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The Mystery of The Levelized Cost of Energy, Revealed

By Chase Weir, CEO of Distributed Sun

This past month marked an unusual increase in chatter about LCOE --the levelized cost of energy. If the National Security Administration bothered to monitor signals for this traffic, the threat (read: opportunity) alert just rose. If measured against Nielsen Ratings, the audience (read:understanding) multiplied. Certainly, in search engine parlance, hits and rankings for LCOE spiked-- recently running apace three times the two year monthly average. Now, only the most sensitive ear picks up the sound of this chatter faintly come rapping, tapping at the door of power and finance. Faint whispers give way to slight murmurs. Something is there, something meaningful. The momentum behind the LCOE concept has the power to broaden renewable energy deployment and adoption.

From greenhorns to green gurus, this insiders' vernacular--"the language of financing power"--is becoming strangely popular. The term LCOE is still wildly misunderstood and misapplied, but a bit more popularly so in recent months. LCOE as a discipline can be most simply described as the cost range at which various technologies produce a unit of energy given certain sensitivities that include, but are not limited to: fuel costs, cost of capital, federal and state energy policy, and location specific costs and benefits.

All the while, the levelized cost of renewable electricity generation continues to enjoy a declining forward price curve. And while it is true, the levelized cost of conventional plant construction has nearly doubled in recent years, it is not true that the incremental, finite resource inputs of fossil sources are stable or currently declining. And no, renewable resource inputs are not unstable because they are just that--renewable, and essentially free. If we, as an industry, can accept these prima facie we can move along to the good stuff --reimaging the LCOE.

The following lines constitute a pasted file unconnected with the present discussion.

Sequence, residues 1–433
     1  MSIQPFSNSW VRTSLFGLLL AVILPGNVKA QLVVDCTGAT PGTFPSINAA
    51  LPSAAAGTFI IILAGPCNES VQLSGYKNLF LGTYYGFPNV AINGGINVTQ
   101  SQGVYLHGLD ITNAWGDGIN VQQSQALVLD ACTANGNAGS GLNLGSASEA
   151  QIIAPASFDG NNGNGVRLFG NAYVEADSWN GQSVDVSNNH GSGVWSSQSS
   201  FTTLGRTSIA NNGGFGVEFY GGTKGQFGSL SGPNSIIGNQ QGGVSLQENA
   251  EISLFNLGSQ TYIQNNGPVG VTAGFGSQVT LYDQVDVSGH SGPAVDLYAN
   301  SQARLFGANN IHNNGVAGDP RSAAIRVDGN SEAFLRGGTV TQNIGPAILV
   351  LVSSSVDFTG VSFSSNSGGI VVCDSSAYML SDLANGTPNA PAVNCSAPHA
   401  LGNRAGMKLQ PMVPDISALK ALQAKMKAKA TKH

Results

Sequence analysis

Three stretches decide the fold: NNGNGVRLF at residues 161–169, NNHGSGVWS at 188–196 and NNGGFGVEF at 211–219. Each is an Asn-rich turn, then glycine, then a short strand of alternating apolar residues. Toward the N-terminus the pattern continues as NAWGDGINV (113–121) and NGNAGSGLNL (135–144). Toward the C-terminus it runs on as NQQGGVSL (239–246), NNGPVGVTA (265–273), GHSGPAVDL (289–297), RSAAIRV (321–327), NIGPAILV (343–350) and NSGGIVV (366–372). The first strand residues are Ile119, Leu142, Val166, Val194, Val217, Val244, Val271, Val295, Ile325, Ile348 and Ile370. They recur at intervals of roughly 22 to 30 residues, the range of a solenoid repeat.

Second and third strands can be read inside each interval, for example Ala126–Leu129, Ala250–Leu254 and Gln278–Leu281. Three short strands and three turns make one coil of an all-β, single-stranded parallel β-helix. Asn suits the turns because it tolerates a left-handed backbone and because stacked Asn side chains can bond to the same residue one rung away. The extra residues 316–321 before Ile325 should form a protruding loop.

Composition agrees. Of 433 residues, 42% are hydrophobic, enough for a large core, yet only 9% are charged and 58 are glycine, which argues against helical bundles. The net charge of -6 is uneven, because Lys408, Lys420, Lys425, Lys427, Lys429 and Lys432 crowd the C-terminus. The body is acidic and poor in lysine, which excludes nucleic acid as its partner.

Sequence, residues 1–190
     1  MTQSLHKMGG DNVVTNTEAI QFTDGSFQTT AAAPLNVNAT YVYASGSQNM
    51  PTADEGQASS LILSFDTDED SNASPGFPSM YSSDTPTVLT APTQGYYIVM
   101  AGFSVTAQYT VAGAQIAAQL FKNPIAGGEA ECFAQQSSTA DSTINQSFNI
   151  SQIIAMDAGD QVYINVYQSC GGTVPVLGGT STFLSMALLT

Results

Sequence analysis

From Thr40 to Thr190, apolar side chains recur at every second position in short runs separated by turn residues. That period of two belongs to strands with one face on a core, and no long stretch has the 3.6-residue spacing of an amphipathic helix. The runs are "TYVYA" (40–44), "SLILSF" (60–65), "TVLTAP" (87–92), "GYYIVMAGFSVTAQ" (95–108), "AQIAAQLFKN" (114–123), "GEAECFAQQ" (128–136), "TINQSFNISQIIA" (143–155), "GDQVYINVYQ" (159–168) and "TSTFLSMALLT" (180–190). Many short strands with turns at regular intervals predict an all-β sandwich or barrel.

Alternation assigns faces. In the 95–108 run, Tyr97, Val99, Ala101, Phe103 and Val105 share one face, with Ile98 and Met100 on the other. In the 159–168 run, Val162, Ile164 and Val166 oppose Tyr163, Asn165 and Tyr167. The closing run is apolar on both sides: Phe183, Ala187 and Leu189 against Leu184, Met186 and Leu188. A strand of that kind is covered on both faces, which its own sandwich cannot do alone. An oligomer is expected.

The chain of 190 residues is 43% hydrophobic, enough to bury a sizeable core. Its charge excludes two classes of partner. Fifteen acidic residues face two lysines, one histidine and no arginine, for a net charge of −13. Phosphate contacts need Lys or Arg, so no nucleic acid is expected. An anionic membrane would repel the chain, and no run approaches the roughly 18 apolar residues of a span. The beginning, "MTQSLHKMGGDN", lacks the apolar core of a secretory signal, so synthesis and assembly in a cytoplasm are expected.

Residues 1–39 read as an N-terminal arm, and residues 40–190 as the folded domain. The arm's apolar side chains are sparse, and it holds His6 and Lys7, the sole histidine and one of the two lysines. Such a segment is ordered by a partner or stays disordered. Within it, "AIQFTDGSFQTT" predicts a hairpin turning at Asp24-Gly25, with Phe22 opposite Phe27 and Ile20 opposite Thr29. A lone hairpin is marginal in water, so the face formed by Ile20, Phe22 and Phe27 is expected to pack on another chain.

A few months ago, Distributed Sun began sharing confidential previews with industry analysts about a new way to apply the LCOE formula and making it usable and actionable. Today, LCOE is underutilized as process and method for project selection and banking. A more rigorous look reveals a powerful business intelligence tool combined with a rare opportunity to distribute competence and accelerate pace.

Questions remain to be answered; for instance, what about LSOE, the levelized subsidy of energy, and how it varies from state to state? When paired with LCOE, what does it mean to look at net LCOE comparisons among projects? What does levelized revenue and profit tell us in the context of different segments within solar? And, is anyone looking at the combined levelized impact to all counterparty balance sheets over the lifetime of a renewable energy facility? These are simple concepts, begging adoption. They pull us away from strict dollar and per watt conventions, take us around the corner from IRR and yield, and are deployed with a Rosetta Stone for translation. In order to use them effectively, old questions are asked in new ways. And, that's much of the point. The answers could be surprising, relevant and poignant.

Rumor has it that Levelizing the Field, a whitepaper exploring levelized metrics applied as business science, will be released later this year. Published in cooperation between industry policy and finance teams, with contributions from some of the leading thinkers and doers in the field, the work will be paired with two significant events at a public, nationwide webinar hosted by one of the leading media outlets for the clean economy, and a special-invitation, roundtable among the foremost practitioners in LCOE. We welcome this emerging discourse as it will foster better policy results, reveal new bankable approaches to reneweable energy, lower costs of capital, and brighten the prospects for renewable energy.

 Chase Weir is co-founder and Chief Executive Officer of Distributed Sun, and Managing Director at sunONE. Mr. Weir led the design of the company's proprietary financial and analytical tools, which evaluate risk and performance criteria during solar project selection and operations.

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